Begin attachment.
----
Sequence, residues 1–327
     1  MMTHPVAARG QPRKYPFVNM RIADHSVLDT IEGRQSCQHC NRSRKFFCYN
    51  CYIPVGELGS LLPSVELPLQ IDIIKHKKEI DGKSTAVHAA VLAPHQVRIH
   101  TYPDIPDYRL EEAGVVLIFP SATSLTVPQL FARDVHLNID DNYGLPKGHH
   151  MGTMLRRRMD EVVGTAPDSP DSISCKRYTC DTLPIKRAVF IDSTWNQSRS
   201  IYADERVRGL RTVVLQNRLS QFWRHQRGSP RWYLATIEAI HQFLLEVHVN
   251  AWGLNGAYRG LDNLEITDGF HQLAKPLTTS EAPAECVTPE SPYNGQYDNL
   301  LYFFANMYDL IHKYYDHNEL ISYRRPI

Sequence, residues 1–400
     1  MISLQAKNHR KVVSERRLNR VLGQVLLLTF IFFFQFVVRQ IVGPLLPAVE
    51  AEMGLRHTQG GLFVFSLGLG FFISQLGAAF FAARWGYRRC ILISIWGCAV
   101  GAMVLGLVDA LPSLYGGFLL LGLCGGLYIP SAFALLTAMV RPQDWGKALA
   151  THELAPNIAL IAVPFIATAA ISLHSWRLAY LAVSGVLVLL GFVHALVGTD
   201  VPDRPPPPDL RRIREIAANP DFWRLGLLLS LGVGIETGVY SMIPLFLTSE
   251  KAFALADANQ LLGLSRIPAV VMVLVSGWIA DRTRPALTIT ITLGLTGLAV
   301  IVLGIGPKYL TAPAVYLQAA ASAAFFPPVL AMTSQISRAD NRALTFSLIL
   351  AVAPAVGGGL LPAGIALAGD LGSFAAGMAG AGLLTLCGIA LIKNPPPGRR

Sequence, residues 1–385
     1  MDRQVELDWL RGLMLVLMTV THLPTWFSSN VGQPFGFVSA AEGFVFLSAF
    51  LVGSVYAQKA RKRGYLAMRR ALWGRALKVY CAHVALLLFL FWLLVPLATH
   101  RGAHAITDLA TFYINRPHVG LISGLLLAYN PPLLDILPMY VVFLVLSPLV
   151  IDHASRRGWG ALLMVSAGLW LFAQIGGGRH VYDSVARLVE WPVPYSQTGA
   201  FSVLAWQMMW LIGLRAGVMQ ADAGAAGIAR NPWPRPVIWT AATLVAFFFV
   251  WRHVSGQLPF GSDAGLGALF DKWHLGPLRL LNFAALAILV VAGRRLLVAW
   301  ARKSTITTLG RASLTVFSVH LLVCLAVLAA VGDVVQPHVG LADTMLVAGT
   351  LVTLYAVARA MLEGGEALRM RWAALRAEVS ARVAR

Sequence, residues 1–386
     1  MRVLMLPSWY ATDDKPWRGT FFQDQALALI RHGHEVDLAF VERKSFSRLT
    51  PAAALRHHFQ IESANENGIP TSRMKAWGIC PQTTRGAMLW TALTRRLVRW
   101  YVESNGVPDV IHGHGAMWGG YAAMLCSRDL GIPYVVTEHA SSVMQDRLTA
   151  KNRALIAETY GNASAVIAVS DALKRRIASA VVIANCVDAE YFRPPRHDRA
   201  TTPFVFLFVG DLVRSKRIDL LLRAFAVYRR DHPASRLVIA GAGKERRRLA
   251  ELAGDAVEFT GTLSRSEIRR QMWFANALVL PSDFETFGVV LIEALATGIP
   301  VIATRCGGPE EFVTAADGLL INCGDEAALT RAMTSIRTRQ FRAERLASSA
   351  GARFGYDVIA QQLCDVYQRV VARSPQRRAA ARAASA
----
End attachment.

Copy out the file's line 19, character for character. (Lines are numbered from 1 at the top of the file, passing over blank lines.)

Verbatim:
     1  MDRQVELDWL RGLMLVLMTV THLPTWFSSN VGQPFGFVSA AEGFVFLSAF